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The Centennial of the Tulsa Race Massacre

Historic photo of Little Africa on Fire

Just over 100 miles away, 100 years ago today, a white mob attacked and murdered members of the Black community in the Greenwood District of Tulsa, also known as Black Wall Street. They set fire to homes and businesses and caused thousands of people to be homeless. All of this because a young Black man was arrested under suspicion of harassing a white woman, an accusation which police dropped after investigating the case.

This terrifying episode of racial violence came to be known as the Tulsa Race Massacre and for many decades was not taught or discussed in the state of Oklahoma, or in the South, and remained little known nationally. Through the dramatization of the events in HBO’s 2019 series Watchmen, PBS’ Tulsa: The Fire and Forgotten Examines the Tulsa Race Massacre 100 Years Later, and the efforts of the Tulsa Race Massacre Centennial Commission, interest in learning more about the city’s history has intensified. There is more awareness of what happened in Tulsa but still so much to learn about race relations in America from this terrible event.

Crystal Bridges and the Momentary are dedicated to being spaces for learning and reflection. We want to honor the lives lost in Tulsa in commemoration of the centennial of a tragic moment in our country’s and region’s history and provide resources that may inspire hope and activism against racism.

 

Here are ways you can continue learning about the Tulsa Race Massacre and its aftermath:

Hannibal Johnson
Hannibal B. Johnson

Attend a lecture by Hannibal B. Johnson at Crystal Bridges, June 18

Hannibal B. Johnson is an author, professor, attorney, and the Education Sub-Committee Chair of the 1921 Tulsa Race Massacre Centennial Commission.

He will be giving a free Spotlight Talk at Crystal Bridges on Friday, June 18 at 7 p.m. Reserve your seat, come to the event, and learn more in this lecture commemorating Black Wall Street and the 1921 Tulsa Race Massacre.

In the meantime, learn more about Black Wall Street before and after the massacre in the video below, narrated by Johnson. This video can also be found on Tulsa2021.org.

Explore the history at Tulsa2021.org

The 1921 Tulsa Race Massacre Centennial Commission is a group of committed city leaders dedicated to leveraging the event’s history through programming to commemorate and educate citizens. They have developed a comprehensive website called Tulsa2021.org that provides information about the Commission’s efforts since late 2016 as well as curriculum, literature, and other resources to learn more about the Tulsa Race Massacre and its history. 

The Greenwood Art Project, supported by the Commission, also has a series of upcoming community events and an exhibition coming up this summer.

Visit museums and cultural centers in Tulsa

Tulsa, Oklahoma is just two hours west of Northwest Arkansas. Consider taking a trip to Tulsa to learn more about the Tulsa Race Massacre, Black Wall Street, and other events in the city where it all took place. There are several museums and cultural centers to visit, including a new center opening this summer that is dedicated to the Tulsa Race Massacre: Greenwood Rising.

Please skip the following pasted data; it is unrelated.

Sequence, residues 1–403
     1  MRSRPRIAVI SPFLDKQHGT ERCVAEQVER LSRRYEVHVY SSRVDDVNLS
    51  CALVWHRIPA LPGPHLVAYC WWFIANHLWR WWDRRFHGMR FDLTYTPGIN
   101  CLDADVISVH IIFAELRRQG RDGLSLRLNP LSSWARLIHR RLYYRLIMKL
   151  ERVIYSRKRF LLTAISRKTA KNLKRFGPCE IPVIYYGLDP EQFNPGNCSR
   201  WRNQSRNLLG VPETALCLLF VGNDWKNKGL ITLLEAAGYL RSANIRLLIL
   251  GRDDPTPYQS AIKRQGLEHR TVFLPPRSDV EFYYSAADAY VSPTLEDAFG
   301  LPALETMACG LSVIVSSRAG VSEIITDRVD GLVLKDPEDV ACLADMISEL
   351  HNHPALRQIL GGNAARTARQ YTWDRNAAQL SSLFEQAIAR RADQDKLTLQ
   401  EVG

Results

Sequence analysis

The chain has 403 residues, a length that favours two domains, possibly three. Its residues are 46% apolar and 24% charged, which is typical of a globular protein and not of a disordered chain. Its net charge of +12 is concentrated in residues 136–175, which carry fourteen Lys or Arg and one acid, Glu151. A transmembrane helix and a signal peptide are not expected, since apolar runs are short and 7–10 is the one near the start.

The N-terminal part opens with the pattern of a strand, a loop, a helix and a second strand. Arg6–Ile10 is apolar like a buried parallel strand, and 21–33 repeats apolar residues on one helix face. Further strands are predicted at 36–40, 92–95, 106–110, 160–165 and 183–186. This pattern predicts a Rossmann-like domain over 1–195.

a) One of the Commission’s biggest efforts in pursuing its mission is the development of Greenwood Rising, a state-of-the-art history center honoring the legacy of Black Wall Street before and after the 1921 Tulsa Race Massacre. Greenwood Rising will have a limited preview opening from June 2-12. It will then close to complete construction. Their tentative grand opening date is scheduled for July 3. 

Check out the video below from Tulsa2021.org to learn more about the creation of Greenwood Rising and hear from a few Commission members:

b) The Greenwood Cultural Center also offers resources and programming to learn more about these events and to pursue their mission of preserving African American heritage and promoting positive images of the African American community by providing educational and cultural experiences, promoting intercultural exchange, and encouraging cultural tourism.

Faith Ringgold, United States of Attica
Faith Ringgold (American, b. 1930). United States of Attica, 1972. Offset lithograph, 21 5/8 x 27 3/8”. Courtesy of the artist and ACA Galleries, New York, NY. ©️ 2020 Faith Ringgold / Artists Rights Society (ARS), New York. Seen in From the Limitations of Now exhibition at the Philbrook Museum of Art.

c) Visit Philbrook Museum of Art in Tulsa, which currently has two exhibitions on view inspired by Greenwood history. Views of Greenwood presents nearly 50 photographs of the Greenwood District by three Oklahoma photographers who, over the last 50 years, have explored change, loss, and resilience within the neighborhood. From the Limitations of Now reflects on “the important ways art and literature allow us to examine America’s past and picture a future in which, in the words of renowned Oklahoma author Ralph Ellison, ‘we are able to free ourselves from the limitations of today.’” 

Crystal Bridges and the Momentary are committed to being an antiracist institution and acknowledges the history of inequality in museums. Collectively and as an institution, there is still significant work to do. We’re dedicated to supporting staff and the community with tools and resources that may inspire activism and learning, alongside the ongoing work of examining the collection, exhibitions, and programs that are presented. Learn more about our commitment and efforts HERE. To learn more about preserving Arkansas history and legacy, visit these organizations:

 

Cover photo credit: Wikimedia. Postcard in the collection of McFarlin Library, University of Tulsa. This image is used with permission of Department of Special Collections and University Archives, McFarlin Library, University of Tulsa.